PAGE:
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Deepak Chopra

Deepak Chopra, M.D., recently appeared on a TV show, and caught my wife's attention by what she reported as sensible-sounding advice on how to reduce stress via a simple form of mindfulness-meditation. In hopes of learning more about Chopra's work — apparently I'm the last survivor on the planet who knows nothing of him? — at the used-book sale I picked up Ageless Body, Timeless Mind (1993). Alas, a semi-random probe landed in Part Three ("Defeating Entropy"), where the bogosity meter pegged on Chopra's discussion of how when "...cells scraped from the inside of someone's mouth are connected to a polygraph in one room while he sits in another, their electrical discharge will remain even and flat while he is sitting still and spike wildly when he looks at erotic pictures ...". Equally distracting is pseudo-scientific babble about the health implications of quantum mechanics (e.g., "In the quantum world, change is inevitable, aging isn't. ... You can control the informational content of the quantum field. ..."). Maybe the subtitle of the book should have clued me in: "The Quantum Alternative To Growing Old". Ugh!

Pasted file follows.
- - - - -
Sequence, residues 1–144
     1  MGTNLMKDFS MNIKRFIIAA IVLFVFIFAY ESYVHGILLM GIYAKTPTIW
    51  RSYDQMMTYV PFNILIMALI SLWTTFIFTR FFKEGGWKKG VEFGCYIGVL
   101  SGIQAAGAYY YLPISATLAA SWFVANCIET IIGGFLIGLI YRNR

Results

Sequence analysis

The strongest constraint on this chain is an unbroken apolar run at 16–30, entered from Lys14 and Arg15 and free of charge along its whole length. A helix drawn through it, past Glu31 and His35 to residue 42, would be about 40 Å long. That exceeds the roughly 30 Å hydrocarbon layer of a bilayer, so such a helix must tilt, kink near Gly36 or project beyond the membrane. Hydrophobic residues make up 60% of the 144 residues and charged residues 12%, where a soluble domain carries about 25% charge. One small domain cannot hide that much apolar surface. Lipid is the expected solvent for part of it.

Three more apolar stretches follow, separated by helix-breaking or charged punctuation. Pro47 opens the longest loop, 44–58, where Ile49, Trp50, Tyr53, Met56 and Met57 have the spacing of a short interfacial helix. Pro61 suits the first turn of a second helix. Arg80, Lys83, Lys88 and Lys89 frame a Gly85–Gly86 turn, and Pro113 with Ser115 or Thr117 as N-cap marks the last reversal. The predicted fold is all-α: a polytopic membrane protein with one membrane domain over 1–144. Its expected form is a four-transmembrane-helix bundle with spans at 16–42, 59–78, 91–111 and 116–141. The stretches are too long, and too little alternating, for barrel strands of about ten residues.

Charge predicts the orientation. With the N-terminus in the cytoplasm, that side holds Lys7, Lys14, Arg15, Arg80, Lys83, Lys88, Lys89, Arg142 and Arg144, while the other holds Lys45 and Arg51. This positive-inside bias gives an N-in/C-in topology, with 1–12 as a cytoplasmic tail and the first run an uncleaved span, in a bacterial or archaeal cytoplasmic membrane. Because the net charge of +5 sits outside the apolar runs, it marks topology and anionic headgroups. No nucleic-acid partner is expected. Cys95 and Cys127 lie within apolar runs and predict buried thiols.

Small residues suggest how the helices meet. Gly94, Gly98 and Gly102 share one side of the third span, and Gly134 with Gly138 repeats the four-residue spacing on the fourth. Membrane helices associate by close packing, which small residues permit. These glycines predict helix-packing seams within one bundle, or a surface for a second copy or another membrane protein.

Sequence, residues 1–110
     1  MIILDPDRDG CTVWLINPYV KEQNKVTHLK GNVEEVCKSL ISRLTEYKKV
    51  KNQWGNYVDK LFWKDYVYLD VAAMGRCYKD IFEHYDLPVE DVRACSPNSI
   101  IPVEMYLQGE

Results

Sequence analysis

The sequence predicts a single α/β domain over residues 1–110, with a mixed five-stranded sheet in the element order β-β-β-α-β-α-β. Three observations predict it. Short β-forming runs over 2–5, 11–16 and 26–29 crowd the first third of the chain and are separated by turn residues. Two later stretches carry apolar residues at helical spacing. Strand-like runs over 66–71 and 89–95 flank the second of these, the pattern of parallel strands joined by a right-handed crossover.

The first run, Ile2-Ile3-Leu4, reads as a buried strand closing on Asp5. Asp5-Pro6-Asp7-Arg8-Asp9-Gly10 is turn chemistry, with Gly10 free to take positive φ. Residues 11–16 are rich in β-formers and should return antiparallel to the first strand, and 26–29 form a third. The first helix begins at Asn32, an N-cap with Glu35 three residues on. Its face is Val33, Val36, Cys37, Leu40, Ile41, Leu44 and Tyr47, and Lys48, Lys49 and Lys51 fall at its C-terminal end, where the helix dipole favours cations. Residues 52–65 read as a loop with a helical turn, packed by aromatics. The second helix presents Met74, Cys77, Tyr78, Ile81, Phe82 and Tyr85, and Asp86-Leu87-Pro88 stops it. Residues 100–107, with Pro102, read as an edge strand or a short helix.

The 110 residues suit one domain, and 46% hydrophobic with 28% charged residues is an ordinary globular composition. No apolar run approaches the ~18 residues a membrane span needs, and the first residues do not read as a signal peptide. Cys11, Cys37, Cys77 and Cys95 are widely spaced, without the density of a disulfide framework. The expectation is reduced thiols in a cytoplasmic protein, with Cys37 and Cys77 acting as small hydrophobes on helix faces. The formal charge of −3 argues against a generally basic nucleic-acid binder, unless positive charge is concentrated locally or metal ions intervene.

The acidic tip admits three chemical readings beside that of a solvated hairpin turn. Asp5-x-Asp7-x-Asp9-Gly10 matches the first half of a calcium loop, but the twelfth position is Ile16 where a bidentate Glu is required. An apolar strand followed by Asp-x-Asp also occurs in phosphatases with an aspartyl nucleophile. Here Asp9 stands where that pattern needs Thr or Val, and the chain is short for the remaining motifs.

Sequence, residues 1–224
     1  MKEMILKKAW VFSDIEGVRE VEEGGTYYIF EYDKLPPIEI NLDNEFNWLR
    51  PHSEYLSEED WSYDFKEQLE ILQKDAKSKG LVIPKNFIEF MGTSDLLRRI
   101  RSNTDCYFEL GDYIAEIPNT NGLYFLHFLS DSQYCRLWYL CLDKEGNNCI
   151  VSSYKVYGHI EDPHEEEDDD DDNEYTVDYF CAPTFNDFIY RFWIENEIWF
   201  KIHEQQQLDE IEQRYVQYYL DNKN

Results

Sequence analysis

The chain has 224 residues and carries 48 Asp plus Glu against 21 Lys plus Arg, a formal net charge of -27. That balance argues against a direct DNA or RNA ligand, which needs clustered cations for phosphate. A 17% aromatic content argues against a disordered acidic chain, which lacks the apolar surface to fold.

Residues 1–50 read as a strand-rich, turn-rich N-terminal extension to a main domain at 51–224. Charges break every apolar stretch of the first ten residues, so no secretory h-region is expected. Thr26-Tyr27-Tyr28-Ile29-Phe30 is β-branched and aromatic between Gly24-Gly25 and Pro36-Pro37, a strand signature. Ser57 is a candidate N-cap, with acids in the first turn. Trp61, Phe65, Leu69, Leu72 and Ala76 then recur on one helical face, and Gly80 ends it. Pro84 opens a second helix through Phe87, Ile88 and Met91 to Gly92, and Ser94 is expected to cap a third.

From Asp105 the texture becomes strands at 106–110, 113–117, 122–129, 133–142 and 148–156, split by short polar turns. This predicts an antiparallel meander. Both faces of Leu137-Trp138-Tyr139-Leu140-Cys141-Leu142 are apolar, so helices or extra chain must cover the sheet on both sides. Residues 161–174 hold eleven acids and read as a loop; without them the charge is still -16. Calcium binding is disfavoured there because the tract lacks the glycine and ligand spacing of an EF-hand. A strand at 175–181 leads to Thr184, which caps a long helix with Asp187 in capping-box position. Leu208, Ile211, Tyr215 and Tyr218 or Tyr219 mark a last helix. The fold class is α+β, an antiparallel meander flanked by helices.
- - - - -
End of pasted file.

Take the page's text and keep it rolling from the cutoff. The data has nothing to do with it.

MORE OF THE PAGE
And yet there's a lot to be said — rationally — for some "alternative" approaches. The July/August 2011 issue of The Atlantic magazine has a thoughtful article by David H. Freedman, "The Triumph of New-Age Medicine" [1]. He discusses how "... diet, exercise, and stress reduction can do a better job of preventing, slowing, and even reversing heart disease than most drugs and surgical procedures ...". Undeniably (to a reasoning person) modern evidence-based medicine is best in cases of infection, trauma, cancer, etc. But in murkier areas? Freedman continues:

Medicine has long known what gets patients to make the lifestyle changes that appear to be so crucial for lowering the risk of serious disease: lavishing attention on them. That means longer, more frequent visits; more focus on what's going on in their lives; more effort spent easing anxieties, instilling healthy attitudes, and getting patients to take responsibility for their well-being; and concerted attempts to provide hope. ...

But since "Doctors are paid for providing treatments, not for spending time talking to patients," it's tough to harness these aspects of the placebo effect nowadays. Perhaps, Freedman speculates, some of it can be done via nurses or non-physician therapist-practitioners.

(cf. AlteredNative (2002-01-24), ModernMedicine (2005-04-29), Evidence-Based Medicine (2010-01-16), Medicine and Statistics (2010-11-13), ...) - ^z - 2011-07-29